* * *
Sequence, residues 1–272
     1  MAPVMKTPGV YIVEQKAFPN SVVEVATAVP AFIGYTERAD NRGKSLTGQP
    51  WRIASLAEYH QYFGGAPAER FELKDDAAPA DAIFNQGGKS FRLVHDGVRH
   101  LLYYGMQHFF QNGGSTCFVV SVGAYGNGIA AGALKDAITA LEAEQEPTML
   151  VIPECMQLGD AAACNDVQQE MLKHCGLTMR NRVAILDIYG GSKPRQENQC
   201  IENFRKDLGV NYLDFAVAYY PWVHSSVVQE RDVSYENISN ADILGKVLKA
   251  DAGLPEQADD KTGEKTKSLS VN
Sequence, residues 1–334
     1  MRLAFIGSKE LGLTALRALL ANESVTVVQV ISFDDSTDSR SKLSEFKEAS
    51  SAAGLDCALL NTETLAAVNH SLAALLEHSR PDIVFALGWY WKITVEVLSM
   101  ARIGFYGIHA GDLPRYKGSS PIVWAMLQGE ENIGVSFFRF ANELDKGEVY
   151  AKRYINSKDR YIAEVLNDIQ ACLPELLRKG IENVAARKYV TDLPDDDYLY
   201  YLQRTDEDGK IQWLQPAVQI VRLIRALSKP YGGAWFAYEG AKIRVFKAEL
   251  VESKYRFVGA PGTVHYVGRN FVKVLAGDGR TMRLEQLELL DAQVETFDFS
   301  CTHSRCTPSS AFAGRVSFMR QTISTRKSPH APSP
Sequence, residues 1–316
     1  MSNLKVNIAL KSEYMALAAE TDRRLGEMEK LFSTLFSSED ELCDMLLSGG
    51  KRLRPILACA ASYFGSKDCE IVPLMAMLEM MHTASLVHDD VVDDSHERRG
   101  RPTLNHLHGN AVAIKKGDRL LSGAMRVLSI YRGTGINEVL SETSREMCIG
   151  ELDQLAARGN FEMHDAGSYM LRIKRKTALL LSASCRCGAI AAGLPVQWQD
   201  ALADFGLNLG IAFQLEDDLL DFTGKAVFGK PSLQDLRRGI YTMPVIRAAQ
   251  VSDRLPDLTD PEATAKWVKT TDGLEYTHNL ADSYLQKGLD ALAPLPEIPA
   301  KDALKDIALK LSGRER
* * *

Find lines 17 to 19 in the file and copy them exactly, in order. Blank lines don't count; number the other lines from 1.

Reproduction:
     1  MSNLKVNIAL KSEYMALAAE TDRRLGEMEK LFSTLFSSED ELCDMLLSGG
    51  KRLRPILACA ASYFGSKDCE IVPLMAMLEM MHTASLVHDD VVDDSHERRG
   101  RPTLNHLHGN AVAIKKGDRL LSGAMRVLSI YRGTGINEVL SETSREMCIG